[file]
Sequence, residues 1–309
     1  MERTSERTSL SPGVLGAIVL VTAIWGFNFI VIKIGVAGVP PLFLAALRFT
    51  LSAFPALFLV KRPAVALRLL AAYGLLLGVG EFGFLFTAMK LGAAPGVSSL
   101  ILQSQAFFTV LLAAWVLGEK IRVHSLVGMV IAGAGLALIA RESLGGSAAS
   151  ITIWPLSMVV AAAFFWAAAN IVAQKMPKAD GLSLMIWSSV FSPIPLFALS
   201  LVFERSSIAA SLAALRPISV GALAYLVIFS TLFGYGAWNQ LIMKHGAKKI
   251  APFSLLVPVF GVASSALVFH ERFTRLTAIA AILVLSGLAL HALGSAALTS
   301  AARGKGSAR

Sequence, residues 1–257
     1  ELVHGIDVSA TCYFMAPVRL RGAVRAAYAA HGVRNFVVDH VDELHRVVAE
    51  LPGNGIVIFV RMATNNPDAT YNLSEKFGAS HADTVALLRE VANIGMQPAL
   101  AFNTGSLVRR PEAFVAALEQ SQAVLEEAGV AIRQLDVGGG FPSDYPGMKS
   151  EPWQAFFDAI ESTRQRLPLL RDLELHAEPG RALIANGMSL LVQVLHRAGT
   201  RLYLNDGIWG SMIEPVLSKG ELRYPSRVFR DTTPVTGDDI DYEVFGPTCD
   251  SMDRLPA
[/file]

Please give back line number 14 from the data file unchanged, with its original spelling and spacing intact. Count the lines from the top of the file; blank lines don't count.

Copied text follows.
   201  RLYLNDGIWG SMIEPVLSKG ELRYPSRVFR DTTPVTGDDI DYEVFGPTCD